Solid, liquid, gas, and more: UAlberta PhD student maps physics of interacting quantum-mechanical systems in new study

Youssef Kora leads a study investigating how quantum-mechanical effects change the transitions between phases of matter.

Andrew Lyle - 14 December 2020

Youssef Kora, PhD student in the Department of Physics

Youssef Kora, PhD student in the Department of Physics. Photo supplied.

We’re all familiar with the traditional three phases of matter: solid, liquid, and gas. But when quantum mechanics are involved, these three states aren’t the full story—and a new study led by a University of Alberta graduate student explores how these phases are affected as quantum-mechanical effects come into play.

“We investigated the physics of quantum-mechanical systems of many interacting particles,” said Youssef Kora, PhD student in the Department of Physics. “These particles are bosons, which means that they obey a certain type of quantum statistics: Bose-Einstein statistics. We studied the different phases of these systems, which are not limited to the familiar three—solid, liquid, and gas—but also include exotic quantum-mechanical phases such as superfluids.”

The researchers were able to obtain exact numerical results for the physical properties of these systems in a theoretical model, and mapped out diagrams of the phases as a function of pressure, temperature, and “quantumness,” studying how the transitions between phases evolve.

“Tuning the quantumness can be achieved by a variety of different ways, the simplest being looking at different isotopes of helium,” explained Kora. “Conducting experiments with lighter isotopes make quantum-mechanical effects more prominent in the dynamics of these particles. In this way, we can see how quantum-mechanical effects in turn affect the transition between phases of these systems.”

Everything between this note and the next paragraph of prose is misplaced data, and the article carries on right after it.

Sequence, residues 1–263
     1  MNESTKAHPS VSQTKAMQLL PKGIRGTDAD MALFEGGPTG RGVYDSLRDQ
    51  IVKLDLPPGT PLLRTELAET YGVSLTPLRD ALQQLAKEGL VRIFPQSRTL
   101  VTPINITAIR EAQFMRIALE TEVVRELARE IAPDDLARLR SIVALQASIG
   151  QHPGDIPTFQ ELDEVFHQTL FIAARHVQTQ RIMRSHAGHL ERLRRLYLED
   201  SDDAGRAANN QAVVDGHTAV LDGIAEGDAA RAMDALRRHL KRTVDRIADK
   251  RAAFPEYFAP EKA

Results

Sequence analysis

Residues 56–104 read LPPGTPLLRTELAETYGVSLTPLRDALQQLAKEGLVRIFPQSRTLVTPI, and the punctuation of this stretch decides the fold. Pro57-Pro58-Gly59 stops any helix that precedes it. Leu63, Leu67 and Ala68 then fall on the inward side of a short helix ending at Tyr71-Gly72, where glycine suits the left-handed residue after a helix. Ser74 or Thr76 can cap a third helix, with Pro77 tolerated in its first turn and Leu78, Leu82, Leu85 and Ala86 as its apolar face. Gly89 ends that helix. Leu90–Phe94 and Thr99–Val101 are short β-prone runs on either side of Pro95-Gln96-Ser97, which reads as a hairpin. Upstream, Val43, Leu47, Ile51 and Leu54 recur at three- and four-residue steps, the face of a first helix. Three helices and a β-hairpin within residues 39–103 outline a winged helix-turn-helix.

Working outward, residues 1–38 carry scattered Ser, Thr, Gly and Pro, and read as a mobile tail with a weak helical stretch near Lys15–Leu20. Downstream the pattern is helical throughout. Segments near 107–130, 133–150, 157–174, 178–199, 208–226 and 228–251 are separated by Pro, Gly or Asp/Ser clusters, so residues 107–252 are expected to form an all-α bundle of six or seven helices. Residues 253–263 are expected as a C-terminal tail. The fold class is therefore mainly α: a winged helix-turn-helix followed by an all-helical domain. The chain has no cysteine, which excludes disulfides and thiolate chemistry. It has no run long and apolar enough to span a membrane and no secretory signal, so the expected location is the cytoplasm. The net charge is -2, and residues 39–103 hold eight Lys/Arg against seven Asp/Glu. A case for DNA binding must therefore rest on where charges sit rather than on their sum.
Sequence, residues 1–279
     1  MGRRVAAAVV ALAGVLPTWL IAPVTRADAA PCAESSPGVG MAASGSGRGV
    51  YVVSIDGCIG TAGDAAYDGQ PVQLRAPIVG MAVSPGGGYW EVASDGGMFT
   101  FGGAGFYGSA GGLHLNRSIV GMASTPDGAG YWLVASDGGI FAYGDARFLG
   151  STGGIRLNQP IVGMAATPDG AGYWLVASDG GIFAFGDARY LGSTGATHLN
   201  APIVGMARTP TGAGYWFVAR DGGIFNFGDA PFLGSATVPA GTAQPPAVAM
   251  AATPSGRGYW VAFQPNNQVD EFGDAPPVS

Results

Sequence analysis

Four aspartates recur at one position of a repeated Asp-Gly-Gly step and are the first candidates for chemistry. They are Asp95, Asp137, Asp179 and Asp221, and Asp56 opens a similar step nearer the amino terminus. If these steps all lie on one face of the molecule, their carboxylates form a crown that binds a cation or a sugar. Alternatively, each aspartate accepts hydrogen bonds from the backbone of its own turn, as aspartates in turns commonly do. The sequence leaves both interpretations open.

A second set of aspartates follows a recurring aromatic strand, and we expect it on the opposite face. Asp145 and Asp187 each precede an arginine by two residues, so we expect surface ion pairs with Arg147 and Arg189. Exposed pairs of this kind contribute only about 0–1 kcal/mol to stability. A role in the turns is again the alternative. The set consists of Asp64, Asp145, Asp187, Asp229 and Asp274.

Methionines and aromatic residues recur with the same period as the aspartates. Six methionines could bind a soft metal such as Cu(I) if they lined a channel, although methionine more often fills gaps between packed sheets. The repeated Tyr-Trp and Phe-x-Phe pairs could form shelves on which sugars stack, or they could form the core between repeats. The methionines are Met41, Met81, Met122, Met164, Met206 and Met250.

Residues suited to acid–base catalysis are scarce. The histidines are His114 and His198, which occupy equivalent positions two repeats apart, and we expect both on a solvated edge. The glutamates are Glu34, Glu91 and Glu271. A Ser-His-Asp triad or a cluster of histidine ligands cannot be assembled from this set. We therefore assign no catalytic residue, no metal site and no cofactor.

Researchers previously understood the phase diagram of a limited class of these systems, particularly those with heavier isotopes such as the highly abundant helium-4. But Kora and his colleagues were able to generalize these results to a broader range of systems.

“The most remarkable thing is the versatility of such a compact physical model to capture a broad class of condensed matter systems that exhibit a large range of physical behavior,” said Kora. “By tuning a single parameter, we can explore radically different physics, ranging from completely classical on one end, to ultra-quantum on the other.”

Kora’s research was supervised by Massimo Boninsegni, professor of physics in the Faculty of Science. The research also involved collaboration with researchers from the University of Chicago, the Flatiron Institute, and the College of William & Mary.

This work was supported by the Natural Sciences and Engineering Research Council of Canada, a Simons Investigator grant, and the Simons Collaboration on Ultra-Quantum Matter, which is a grant from the Simons Foundation (grant number 651440). The researchers also received computing support from Compute Canada and the Flatiron Institute.

The paper, “Tuning the quantumness of simple Bose systems: A universal phase diagram,” was published in PNAS. (doi: 10.1073/pnas.2017646117).